Volunteering May Help Loneliness and Isolation

We've all heard the old adage, “It is better to give than to receive.”  That message seems to be right on point when it comes to serving as a volunteer. There is something special about making a commitment and then taking time to serve others that makes us all feel good. 

In an article published by Harvard Health,  “Adults over 50 who volunteered on a regular basis were less likely to develop high blood pressure than non-volunteers.”  The good news for our older adults, keeping your blood pressure in check is vital to prevent heart disease, stroke and premature death.

The findings from a BMC Public Health research study confirm there are healthy benefits derived from volunteering.  They believe volunteering should be promoted by public health, education and policy practitioners as a type of healthy lifestyle, especially for elders, ethnic minorities, single people and the unemployed, who generally have poorer health and less participation in volunteering.

volunteer.jpgThere are many benefits that come from working as a volunteer for every age group especially those who are 50 and over.  Before you commit to the task, it is helpful to think about who you want to help and how much time you can contribute weekly.  No matter if it is 2-10 hours per week, it will go a long way in helping improve your health.  Just spending time tutoring young children, you will experience positive mental stimulation from the additional reading and studying which will improve your memory and thinking skills.  On the other hand, let's say you volunteer for outside activities with the local Boy's and Girl's Club, the additional movement and exercise will improve your cardiovascular well being.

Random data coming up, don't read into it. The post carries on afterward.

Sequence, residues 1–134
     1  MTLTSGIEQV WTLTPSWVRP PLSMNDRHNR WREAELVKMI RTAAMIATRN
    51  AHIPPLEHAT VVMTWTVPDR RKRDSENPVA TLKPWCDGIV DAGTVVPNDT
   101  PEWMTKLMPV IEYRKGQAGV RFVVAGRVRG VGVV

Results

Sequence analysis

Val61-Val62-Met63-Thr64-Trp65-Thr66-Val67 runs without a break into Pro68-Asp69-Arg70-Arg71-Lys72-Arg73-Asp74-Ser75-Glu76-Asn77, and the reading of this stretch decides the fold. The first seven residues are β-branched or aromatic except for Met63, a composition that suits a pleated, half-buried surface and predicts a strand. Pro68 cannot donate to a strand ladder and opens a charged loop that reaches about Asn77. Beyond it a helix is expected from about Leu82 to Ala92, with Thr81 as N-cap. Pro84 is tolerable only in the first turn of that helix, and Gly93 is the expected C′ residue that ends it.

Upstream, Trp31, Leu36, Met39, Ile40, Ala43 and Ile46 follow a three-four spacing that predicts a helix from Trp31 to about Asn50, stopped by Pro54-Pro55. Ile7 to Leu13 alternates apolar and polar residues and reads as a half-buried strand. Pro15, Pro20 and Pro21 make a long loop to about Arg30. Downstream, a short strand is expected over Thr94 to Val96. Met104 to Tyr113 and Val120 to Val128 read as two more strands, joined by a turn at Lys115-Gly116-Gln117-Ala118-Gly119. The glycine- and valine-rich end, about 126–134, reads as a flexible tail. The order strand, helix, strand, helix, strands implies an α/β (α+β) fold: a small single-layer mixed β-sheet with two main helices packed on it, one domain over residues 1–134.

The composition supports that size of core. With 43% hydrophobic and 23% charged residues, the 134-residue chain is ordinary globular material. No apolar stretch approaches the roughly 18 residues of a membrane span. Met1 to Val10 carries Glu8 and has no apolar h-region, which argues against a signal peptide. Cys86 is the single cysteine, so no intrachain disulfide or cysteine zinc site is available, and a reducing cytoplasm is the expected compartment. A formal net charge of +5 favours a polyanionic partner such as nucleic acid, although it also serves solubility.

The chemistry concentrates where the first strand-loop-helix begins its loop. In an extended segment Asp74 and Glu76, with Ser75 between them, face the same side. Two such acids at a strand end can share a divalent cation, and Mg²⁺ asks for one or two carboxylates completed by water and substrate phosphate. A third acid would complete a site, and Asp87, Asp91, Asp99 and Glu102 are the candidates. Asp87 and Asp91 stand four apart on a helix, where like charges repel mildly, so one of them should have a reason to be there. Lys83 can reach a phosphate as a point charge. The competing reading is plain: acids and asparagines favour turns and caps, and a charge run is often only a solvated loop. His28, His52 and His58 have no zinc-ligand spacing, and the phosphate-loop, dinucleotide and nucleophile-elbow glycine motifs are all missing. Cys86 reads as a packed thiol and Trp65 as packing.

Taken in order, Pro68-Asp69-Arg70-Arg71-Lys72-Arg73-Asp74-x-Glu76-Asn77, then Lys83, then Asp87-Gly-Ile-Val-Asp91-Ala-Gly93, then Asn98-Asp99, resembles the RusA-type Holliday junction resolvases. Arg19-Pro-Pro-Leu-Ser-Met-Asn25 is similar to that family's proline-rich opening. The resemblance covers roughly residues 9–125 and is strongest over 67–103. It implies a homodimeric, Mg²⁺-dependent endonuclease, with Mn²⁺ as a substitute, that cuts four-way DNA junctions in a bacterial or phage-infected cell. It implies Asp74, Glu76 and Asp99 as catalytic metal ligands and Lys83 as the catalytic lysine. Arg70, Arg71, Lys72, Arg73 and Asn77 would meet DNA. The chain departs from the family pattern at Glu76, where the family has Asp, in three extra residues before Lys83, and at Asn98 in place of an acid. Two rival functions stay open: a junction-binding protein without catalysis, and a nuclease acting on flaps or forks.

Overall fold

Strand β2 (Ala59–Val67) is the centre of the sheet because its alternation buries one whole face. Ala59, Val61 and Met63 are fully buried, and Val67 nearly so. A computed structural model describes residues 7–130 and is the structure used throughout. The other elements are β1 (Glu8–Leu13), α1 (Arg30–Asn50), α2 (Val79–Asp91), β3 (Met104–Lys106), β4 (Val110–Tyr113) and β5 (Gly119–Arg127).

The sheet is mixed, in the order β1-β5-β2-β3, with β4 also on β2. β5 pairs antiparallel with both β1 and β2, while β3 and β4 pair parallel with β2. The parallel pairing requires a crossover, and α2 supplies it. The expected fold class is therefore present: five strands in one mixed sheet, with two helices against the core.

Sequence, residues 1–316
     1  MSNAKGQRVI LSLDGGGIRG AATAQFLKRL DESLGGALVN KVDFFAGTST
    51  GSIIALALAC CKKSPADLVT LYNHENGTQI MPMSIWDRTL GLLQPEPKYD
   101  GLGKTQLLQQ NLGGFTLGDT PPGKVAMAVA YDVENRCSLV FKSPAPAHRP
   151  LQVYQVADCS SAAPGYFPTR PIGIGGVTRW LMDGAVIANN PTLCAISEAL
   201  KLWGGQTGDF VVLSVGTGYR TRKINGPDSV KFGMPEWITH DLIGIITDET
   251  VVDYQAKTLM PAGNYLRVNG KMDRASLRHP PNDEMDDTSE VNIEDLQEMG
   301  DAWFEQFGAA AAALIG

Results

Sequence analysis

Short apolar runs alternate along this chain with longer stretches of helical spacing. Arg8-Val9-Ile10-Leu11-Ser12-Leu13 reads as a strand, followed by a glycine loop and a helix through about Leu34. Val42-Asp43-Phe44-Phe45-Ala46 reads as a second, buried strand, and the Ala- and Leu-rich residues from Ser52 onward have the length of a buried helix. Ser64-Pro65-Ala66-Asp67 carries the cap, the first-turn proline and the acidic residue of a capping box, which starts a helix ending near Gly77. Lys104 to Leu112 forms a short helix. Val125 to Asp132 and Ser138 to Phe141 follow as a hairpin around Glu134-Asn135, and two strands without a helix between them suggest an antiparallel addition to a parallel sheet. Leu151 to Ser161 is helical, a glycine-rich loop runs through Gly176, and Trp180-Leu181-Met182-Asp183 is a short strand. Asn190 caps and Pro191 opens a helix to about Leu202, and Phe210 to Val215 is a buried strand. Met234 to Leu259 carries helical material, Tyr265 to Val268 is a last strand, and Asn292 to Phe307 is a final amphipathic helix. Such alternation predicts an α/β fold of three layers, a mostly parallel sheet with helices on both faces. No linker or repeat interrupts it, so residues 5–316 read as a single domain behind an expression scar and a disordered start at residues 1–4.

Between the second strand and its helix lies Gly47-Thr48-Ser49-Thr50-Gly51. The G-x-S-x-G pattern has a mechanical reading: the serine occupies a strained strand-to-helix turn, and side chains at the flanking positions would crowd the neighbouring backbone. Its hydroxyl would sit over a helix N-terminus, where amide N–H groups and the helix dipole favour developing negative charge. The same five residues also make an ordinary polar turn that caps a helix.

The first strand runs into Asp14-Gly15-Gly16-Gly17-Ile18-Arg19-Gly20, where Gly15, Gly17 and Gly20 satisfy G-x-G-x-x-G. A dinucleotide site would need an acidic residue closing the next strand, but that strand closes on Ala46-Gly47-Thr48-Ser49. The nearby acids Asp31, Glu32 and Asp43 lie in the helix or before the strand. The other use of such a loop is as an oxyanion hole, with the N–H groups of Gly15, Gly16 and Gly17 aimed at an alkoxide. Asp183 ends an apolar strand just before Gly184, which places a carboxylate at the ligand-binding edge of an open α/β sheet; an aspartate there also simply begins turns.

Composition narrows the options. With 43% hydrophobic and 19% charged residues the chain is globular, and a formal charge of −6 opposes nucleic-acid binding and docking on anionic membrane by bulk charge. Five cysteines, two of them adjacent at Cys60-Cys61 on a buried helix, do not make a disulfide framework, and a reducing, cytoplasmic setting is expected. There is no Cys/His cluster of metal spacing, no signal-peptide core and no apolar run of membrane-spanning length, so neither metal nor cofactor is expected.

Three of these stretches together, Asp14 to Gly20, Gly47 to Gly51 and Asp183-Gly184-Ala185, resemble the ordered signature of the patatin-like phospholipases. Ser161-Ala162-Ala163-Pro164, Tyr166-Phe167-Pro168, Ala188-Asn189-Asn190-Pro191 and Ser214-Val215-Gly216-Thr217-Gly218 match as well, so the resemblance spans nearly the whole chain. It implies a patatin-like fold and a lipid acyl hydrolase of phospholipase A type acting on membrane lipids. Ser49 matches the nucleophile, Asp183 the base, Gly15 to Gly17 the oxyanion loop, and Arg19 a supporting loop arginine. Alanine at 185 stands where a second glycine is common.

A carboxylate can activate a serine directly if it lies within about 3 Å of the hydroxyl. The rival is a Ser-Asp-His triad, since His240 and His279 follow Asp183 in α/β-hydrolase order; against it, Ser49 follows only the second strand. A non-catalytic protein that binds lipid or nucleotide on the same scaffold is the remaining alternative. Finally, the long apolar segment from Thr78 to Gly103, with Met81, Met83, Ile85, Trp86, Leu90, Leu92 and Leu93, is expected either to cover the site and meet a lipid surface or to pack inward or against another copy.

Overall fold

How to get started Make a plan and put it in action.  Think about helping out in areas you might enjoy.  I personally like to work in areas that I'm passionate about. If you want to help kids, consider the local YMCA, Boy's and Girl's Club, or Children's Hospital.  If you are passionate about helping seniors, you can partner up with the local senior center, assisted living facility or nursing home.  Other areas to consider are your local humane shelter if you enjoy pets, the food bank with a record number of American's going hungry, or the local hospital if you relish serving those in need.

Healthy benefits - The research shows that volunteering provides many healthy benefits that you might experience while serving others.  These are a few that you might expect from giving your time and effort:

  • Social Connections - Volunteering allows you meet others and build new relationships. By participating in shared activities, you have the opportunity to make new friends and improve existing relationships.

  • Improves your mental and physical state - Volunteering reduces stress. Helping others gives a sense of accomplishment and appreciation. By helping someone else, it will promote a deeper sense of gratitude for what we have.

  • Makes us feel good - Research shows that volunteering builds social interaction and lowers the rate of depression for our older adults.

  • Sense of pride and purpose - Knowing your work matters by taking time to help those in need or the less fortunate creates a sense of sense of self worth and purpose.

Whether you are working full time, part time or are retired, taking time to serve as a volunteer is such an integral part of the successful aging process. If you decide to take the plunge down the volunteer path, it makes good sense to contact your physician to ensure you are up to the physical activity that may be involved. 






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